But conflating modern-day, non-Jewish-owned businesses with those that were destroyed in the pogrom could also come across as problematic to observers. "The stores aren't saying 'we are victims,'" explains Busch-Peterson. "The German retail industry was deeply influenced by Jewish people, and so we have many reasons to remind people of their role."

Tripping-Stone Initiative

Meanwhile, another Berlin government-led initiative is encouraging people to spend Nov. 9 polishing the Stolpersteine, or stumbling blocks, that mark the sidewalks outside the homes of people murdered during the Nazi period. Specially made "stumbling block polishing rags" were inserted into Berlin magazines by Destroyed Diversity, an initiative of the Kultur Projekte marking the 80th anniversary of Hitler's rise to power, with instructions to wet them with water to clean off grime and, if desired, lay a white rose next to the stones as part of a "call to city-wide action."

Each of the stumbling blocks, which are part of a project that began in Cologne in 1995, bears the name of a victim of the Nazi regime, along with the location and date of their death. "It is an entry point into history for young people," says Sören Schneider, from the Stolpersteine Coordination Center in Berlin, "because it locates events in a social environment." On Nov. 9, guides will also give tours of neighborhoods in which stumbling blocks are located and describe local conditions during the Third Reich.

For Kreutzmüller, however, the Destroyed Diversity's polishing initiative is well-intentioned, but flawed. For one, the cloths sent out by the project, which are printed with the words "Berlin cleans stumbling blocks" are too flimsy to do much polishing. "In my experience, you need a special cleaner for the stones," he says. "It's also a pity, because it's commercializing memorial culture." Usually local community members would get together and polish the stones themselves, he says, and "I think that grassroots aspect is important for all memorial culture."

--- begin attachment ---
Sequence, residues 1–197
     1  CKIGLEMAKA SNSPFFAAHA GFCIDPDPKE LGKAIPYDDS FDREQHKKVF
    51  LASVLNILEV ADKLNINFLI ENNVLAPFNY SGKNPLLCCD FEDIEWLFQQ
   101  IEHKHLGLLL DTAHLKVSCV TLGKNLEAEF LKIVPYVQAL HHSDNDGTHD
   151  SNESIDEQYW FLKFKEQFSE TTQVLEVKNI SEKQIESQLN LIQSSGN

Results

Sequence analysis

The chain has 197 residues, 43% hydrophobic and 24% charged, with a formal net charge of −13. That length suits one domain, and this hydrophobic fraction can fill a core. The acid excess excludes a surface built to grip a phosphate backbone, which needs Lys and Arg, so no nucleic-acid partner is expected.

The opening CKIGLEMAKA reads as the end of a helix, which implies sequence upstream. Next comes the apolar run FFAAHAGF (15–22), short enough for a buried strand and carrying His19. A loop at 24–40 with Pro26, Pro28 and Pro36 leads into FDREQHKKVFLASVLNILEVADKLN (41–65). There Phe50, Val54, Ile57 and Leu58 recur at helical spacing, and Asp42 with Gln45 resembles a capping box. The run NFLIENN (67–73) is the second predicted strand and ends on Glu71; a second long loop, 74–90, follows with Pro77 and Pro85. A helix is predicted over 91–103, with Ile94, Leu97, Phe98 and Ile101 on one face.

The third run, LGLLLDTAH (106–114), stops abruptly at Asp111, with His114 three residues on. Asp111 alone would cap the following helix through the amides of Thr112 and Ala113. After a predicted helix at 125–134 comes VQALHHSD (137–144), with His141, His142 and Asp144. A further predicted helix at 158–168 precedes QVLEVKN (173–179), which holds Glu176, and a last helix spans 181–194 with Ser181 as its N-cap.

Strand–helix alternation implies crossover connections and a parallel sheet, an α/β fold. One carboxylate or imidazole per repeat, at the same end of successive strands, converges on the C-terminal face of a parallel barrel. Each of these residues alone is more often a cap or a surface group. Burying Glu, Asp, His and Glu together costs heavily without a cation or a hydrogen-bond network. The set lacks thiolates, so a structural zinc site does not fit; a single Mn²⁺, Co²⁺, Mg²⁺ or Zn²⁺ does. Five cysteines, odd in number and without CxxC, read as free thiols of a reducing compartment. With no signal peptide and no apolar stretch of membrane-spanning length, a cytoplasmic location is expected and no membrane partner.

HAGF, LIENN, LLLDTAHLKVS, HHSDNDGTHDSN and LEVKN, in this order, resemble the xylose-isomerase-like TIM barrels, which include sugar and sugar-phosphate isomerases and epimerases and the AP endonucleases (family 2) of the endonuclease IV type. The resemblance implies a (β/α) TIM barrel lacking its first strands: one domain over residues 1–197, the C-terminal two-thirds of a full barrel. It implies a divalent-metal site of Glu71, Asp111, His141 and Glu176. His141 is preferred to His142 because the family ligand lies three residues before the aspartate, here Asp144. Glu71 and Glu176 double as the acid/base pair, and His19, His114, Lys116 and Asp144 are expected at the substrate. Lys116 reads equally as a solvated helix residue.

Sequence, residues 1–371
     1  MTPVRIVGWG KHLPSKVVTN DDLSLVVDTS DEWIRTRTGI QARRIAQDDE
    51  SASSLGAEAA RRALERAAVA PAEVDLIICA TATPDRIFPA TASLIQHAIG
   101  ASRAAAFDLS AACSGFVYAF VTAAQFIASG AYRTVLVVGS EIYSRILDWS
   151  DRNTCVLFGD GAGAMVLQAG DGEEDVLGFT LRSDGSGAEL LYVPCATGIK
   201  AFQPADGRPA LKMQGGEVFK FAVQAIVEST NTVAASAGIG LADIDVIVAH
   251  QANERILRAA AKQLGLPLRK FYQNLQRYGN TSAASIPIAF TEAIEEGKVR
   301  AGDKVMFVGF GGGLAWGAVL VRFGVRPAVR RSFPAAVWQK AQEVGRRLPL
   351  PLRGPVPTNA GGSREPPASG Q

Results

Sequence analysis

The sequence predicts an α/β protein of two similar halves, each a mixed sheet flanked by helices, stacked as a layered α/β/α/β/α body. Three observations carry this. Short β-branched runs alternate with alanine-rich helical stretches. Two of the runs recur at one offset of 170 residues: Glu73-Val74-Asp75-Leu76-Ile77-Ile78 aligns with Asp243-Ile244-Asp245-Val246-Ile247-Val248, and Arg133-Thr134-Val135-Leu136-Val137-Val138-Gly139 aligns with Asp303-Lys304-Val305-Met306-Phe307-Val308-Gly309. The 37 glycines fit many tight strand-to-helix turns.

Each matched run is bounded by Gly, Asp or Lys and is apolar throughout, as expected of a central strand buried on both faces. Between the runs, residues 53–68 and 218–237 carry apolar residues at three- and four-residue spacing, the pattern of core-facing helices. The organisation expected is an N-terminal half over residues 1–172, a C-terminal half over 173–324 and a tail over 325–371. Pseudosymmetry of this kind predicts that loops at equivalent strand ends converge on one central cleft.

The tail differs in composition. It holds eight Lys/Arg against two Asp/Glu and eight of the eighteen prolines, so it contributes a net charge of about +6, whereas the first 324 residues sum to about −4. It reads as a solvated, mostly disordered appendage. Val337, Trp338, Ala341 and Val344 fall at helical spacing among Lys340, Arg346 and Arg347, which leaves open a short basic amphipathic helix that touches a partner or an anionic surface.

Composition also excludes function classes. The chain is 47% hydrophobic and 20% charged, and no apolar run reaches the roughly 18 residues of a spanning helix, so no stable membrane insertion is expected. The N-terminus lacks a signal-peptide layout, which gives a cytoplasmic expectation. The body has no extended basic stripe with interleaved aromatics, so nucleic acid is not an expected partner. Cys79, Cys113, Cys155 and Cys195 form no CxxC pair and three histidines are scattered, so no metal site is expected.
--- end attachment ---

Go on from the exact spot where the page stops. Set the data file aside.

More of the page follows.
Live-Tweeting a Pogrom

Meanwhile, in the online sphere, a group of German history students and recent graduates have begun dramatizing the pogrom using Twitter. They are live-tweeting the events of the pogroms as if it were 1938, using the handle @9Nov38.

Since Oct. 28, the group, led by recent university graduate Moritz Hoffmann, has been posting dispatches like, "2,000 Polish Jews in Frankfurt are called in for 'passport'-control and locked into a truck" (Oct. 29) and "The Jewish-owned Gelsenkirchen textile business Rode&Co is put 'into Aryan hands'" (Nov. 5). The project, Hoffmann says, was inspired by a similar Twitter experiment carried out last year by the Mitteldeutscher Rundfunk, a German broadcaster that live-tweeted the events preceding and following the fall of the Berlin Wall (which coincidentally also happened on Nov. 9).

"The advantage of Twitter is that we can reach more people," says Hoffmann, who lives in Heidelberg, in the southwestern state of Baden-Württemberg, "and that we can briefly inject these facts into people's everyday lives." The difficulty, he says, is fitting the information into short bursts of texts. In the week since the project began, they have already amassed over 1,400 followers. "You often hear that people don't want to learn about history, but I think this is a nice confirmation that people are still interested."

For Kreutzmüller, these kinds of initiatives, despite their drawbacks, are important because they allow people to think concretely about history. As the witnesses to the 1938 pogrom continue to pass away, the event threatens to disappear into what Kreutzmüller calls "normal history." "Yet, we need to translate history all the time and ask new questions," he says. "It's important it's happening," he added, "but sometimes it's a little awkward."